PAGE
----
U.S. PT Boats
PT Boat 80’ Elco
Of the three PT boats developed for the U.S. Navy during World War II, the Elco wasthe largest. Her sleek design makes her swift and highly maneuverable, while her twin.50-caliber antiaircraft guns help against aerial attacks.
In service: 1941–1945Displacement: 2,050 tonsDimensions: 376 ft. 6 in. X39 ft. 6 in.Complement: 329 ofﬁcers andmenSpeed: 36.5 knots
.50-caliber M2 Browningmachine guns (2)40 mm Bofors gun (1)Mark 13 torpedo tubes (4)
Health rating: 1Armor rating: 1Maneuvering: 10Speed: 10Artillery rating: 0AA rating: 2 Torpedo rating: 4DC rating: 3
As the successor to the Clemson class, the Fletcher improves upon the old workhorse with amuch more up-to-date arsenal. Named after Admiral Frank F. Fletcher, the Fletcher’s increasedweaponry (particularly its antiaircraft complement) make it a ship to be both feared andrespected.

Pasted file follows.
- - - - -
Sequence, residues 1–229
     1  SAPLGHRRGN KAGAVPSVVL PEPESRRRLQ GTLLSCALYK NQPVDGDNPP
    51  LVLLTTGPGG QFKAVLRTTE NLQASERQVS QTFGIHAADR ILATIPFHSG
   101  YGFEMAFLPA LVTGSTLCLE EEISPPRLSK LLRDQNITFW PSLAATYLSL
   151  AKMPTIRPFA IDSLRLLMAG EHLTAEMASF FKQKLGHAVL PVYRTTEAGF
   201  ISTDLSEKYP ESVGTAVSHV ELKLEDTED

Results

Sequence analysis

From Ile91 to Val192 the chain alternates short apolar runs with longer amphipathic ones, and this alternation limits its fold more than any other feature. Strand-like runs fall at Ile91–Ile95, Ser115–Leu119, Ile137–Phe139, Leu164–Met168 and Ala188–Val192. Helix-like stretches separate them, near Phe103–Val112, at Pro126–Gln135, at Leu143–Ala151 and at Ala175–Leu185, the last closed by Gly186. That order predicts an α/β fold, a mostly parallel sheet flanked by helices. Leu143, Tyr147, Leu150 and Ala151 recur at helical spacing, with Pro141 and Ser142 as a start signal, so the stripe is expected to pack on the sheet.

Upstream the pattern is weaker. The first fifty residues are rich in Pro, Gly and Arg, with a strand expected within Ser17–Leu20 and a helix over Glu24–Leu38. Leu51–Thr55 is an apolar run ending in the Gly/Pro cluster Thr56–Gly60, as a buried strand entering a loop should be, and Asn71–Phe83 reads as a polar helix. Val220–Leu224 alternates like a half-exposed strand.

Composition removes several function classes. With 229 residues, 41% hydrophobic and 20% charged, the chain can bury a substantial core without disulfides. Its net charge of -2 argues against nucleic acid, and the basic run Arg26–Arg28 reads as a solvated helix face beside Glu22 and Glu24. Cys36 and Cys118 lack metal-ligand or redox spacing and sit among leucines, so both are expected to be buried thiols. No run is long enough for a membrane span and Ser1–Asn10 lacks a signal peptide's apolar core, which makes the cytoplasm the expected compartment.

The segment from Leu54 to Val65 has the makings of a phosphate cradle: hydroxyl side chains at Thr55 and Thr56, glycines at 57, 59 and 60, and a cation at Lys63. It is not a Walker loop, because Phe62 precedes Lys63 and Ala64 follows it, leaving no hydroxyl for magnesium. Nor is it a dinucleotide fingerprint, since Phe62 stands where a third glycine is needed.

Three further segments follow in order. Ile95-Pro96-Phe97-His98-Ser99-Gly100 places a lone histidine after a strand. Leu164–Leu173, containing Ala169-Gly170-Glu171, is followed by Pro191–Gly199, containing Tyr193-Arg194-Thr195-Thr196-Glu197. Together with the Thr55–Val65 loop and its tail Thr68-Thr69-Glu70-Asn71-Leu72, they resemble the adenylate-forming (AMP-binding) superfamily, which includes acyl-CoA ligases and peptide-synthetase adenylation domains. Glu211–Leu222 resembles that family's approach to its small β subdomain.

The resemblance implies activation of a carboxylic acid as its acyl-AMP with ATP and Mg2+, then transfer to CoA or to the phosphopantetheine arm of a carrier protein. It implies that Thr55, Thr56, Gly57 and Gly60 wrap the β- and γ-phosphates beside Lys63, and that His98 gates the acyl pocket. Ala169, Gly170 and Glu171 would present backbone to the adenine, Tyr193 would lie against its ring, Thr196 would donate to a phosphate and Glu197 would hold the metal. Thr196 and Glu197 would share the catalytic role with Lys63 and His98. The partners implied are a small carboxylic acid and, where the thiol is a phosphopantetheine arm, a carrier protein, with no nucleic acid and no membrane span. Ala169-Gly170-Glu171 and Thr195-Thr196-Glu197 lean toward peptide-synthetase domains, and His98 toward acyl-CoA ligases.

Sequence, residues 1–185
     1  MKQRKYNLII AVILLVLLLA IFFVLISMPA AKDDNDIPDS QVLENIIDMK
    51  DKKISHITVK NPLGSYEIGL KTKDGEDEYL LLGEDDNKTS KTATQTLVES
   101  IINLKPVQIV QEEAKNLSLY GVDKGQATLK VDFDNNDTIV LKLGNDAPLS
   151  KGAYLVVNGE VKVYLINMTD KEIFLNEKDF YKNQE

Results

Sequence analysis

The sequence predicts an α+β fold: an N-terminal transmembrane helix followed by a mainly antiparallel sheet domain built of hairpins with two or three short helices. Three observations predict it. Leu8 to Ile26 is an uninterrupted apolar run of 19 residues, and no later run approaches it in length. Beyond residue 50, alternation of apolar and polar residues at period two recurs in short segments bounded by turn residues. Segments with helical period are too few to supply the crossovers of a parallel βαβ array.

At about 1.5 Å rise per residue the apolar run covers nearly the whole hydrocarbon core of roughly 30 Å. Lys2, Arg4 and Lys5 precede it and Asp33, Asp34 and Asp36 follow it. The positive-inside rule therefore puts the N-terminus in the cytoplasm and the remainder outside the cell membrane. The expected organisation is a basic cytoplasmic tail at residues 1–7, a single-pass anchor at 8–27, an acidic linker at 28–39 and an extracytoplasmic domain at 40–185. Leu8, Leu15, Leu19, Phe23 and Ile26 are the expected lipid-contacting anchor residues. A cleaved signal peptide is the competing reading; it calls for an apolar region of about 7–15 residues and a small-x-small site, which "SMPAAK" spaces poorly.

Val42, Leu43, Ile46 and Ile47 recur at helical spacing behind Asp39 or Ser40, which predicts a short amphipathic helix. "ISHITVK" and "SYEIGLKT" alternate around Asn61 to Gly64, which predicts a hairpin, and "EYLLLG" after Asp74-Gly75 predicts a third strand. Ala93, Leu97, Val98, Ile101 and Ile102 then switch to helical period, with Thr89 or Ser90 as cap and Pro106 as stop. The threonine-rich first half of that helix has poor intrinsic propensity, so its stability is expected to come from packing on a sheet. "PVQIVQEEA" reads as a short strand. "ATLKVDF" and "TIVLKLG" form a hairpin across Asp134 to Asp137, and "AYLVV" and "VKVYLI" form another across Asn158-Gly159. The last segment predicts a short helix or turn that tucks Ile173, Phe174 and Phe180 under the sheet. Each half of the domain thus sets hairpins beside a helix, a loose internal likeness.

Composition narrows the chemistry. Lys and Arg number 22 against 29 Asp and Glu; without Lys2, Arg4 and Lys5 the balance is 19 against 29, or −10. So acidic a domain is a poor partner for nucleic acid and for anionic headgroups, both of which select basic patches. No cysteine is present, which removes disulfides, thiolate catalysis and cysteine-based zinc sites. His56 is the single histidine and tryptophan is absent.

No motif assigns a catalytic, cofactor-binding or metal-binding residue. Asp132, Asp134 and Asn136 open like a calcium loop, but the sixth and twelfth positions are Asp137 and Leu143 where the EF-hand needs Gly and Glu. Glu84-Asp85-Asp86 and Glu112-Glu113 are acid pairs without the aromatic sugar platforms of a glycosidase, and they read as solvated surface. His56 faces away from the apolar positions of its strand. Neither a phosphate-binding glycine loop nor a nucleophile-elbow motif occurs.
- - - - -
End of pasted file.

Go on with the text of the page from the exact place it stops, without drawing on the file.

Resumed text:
In service: 1941–1945Displacement: 2,500 tonsDimensions: 376 ft. 6 in. X 39ft. 6 in.Complement: 329 ofﬁcers andmenSpeed: 36.5 knots
5-inch .38-caliber guns (5)40 mm Bofors guns (6)20 mm Oerlikon cannons (7)21-inch torpedo tubes (10)Depth-charge racks (2)K-guns (6)
Health rating: 3Armor rating: 4Maneouvering: 8Speed: 8Artillery rating: 4AA rating: 5 Torpedo rating: 8DC rating: 8
While slightly behind the curve early on, the U.S. Navy quickly adapted their destroyers tomeet the changing face of naval warfare. Meet the destroyers of the U.S. Navy.
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